New school calendar revealed

Jeongin Kim, Staff editor

In November, Baltimore County officialized its new 2020-2021 school calendar. Summer will end on Sept. 8. The ten-day spring break will begin earlier from March 27 to April 6, compared to this year’s April 4 to 14. These changes will also extend school to June 23.

Robin Park, a current senior, voices her worry for next year’s students: “I understand the concern that AP (Advanced Placement) students have with starting the school later and having a longer spring break because when we account for snow days, we’ll have even less time to go to class and prepare ourselves.  So I think that the new schedule is not as good as the one we have this year.”

However, junior Cynthia Wang doesn’t mind the changes. “For APs, I think it will be fine since with spring break could [be used for] self-preparation. I’m happy that I get to miss more days of school. Who doesn’t miss sleeping in? Also, that gives me more time to spend with friends before we part ways at the end of fall.”

A bone of contention among students is how classes will work around the AP exams, but most AP teachers anticipate no major adjustments.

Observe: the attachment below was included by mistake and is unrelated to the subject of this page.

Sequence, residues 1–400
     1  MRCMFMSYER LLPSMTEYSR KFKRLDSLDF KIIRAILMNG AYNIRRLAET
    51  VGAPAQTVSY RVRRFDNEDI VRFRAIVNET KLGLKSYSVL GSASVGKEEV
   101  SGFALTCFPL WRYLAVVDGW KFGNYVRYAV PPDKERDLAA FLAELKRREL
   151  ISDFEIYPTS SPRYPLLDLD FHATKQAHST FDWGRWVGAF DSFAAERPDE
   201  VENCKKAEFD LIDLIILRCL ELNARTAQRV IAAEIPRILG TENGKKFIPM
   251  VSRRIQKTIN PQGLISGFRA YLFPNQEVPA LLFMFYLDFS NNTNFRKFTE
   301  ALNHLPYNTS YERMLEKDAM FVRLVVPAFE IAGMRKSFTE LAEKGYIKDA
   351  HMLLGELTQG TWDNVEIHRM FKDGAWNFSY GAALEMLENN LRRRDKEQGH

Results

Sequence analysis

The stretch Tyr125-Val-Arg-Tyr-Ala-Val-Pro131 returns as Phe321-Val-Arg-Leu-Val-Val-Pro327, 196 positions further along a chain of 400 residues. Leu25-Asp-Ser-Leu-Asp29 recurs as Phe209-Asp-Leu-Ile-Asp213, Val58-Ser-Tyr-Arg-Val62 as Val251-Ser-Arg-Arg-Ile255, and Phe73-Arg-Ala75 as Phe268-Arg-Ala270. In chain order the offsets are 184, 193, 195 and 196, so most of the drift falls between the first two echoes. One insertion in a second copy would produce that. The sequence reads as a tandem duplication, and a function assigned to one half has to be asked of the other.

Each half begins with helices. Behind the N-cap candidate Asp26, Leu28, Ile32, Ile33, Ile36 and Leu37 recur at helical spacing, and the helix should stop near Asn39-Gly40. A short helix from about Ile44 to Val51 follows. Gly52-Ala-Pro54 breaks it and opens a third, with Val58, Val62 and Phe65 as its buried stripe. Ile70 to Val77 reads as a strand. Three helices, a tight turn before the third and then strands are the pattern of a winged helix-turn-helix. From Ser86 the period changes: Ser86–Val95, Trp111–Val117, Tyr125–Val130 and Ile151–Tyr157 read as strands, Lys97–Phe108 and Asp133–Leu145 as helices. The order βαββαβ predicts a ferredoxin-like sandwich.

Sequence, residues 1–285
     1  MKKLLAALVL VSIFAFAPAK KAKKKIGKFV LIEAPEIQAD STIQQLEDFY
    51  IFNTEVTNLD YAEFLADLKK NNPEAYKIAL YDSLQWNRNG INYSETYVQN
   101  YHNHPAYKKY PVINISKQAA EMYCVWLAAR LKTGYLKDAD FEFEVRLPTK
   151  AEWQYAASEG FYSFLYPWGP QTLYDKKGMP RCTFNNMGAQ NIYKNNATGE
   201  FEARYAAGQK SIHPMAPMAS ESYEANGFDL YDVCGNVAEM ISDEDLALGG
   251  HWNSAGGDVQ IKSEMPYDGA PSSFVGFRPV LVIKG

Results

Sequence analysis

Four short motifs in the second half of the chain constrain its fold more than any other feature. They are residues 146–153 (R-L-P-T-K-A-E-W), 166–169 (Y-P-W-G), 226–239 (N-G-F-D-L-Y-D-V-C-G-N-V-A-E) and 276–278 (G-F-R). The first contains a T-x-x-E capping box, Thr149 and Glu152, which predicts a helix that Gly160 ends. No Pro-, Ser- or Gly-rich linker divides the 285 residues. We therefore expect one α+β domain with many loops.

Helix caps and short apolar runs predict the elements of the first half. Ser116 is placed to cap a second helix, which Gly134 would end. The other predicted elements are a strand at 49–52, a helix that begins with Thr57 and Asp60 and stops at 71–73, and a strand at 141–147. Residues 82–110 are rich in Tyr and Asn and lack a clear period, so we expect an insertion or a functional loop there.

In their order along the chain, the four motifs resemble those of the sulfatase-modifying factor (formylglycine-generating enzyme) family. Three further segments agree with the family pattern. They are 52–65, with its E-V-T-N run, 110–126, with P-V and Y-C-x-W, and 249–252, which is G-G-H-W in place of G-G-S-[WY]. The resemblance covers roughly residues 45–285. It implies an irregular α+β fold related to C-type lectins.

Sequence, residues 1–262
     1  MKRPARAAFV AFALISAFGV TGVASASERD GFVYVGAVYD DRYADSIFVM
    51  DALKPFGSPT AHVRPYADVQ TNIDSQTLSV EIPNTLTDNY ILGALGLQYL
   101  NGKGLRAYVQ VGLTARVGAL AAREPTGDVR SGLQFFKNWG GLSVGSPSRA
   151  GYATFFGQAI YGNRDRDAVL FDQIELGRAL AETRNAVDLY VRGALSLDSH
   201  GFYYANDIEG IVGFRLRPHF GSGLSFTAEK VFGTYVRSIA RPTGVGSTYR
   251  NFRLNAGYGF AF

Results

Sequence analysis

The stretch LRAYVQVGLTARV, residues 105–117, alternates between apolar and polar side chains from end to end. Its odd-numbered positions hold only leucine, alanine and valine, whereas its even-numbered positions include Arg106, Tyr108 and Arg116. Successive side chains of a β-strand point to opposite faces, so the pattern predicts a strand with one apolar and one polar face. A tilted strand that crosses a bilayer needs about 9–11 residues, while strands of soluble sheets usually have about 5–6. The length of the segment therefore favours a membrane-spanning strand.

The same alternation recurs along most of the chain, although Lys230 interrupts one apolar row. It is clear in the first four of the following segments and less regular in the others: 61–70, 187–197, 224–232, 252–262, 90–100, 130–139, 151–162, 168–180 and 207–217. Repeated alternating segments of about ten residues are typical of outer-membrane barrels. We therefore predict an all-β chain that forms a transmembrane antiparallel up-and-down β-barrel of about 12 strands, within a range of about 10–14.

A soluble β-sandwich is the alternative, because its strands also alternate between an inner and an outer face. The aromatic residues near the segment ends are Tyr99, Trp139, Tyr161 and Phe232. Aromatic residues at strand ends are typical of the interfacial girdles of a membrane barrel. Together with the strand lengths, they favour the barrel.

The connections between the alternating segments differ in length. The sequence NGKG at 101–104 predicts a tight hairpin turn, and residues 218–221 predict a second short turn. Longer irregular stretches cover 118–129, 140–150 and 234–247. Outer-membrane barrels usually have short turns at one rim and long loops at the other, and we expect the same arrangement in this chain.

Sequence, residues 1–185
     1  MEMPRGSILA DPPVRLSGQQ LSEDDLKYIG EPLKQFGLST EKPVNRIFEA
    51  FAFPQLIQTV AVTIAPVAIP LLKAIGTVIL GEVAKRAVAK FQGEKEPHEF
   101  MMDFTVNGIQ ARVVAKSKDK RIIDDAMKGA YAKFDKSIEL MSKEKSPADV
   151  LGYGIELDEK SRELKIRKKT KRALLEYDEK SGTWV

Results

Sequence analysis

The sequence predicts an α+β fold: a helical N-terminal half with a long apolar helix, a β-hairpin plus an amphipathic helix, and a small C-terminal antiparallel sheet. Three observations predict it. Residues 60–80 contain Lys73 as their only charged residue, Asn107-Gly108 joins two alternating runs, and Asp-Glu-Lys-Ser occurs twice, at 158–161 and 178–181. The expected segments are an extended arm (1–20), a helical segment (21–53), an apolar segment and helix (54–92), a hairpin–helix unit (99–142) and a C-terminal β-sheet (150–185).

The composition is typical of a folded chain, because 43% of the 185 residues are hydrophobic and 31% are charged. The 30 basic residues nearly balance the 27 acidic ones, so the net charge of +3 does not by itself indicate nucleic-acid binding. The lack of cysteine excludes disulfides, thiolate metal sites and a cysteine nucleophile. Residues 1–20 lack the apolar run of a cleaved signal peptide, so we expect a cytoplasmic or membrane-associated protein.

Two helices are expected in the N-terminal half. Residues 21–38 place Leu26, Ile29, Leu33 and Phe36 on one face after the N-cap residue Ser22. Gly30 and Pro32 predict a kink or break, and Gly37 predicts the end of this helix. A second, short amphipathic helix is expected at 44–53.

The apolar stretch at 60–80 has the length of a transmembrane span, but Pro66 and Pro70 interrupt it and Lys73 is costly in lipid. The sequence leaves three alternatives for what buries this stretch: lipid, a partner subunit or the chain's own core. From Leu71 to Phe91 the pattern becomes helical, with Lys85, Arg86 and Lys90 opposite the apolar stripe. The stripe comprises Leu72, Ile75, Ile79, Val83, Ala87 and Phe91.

According to AP calculus Brocha Siff, “[There’s] not much I can change in terms of my lesson plans. I don’t think I can move any faster because there is only so much a person can process in a given time frame.”

Freshman Michelle Wang said, “I like next year’s plan. But if I were to have a concern, it would be what to use the time for classes after the AP exam since school ends later.”

A unanimous concern is how to keep students focused after APs. Park says, “Ending school on the 23rd is too far into the summer and will give students more classes that feel like filler.”

With no air-conditioning in most of the building, hot summer days usually result in the cancellation of school. But with a limited amount of time and a fixed number of required school days, working through the peak summer is unavoidable.

Deborah Hamilton, AP and honors English teacher, voices her qualms. “You can’t depend on the weather. One year a kid fainted in my class! It was so hot. I think the seniors are still going to be leaving at the end of May. That is really tough to keep everybody focused for three weeks. People are ready to be out.”

But Siff remarks that despite the changes, everyone will inevitably find ways to adjust, “I have seen a lot of change over the years in teaching. Somehow we always get through even if it is not the best decision.”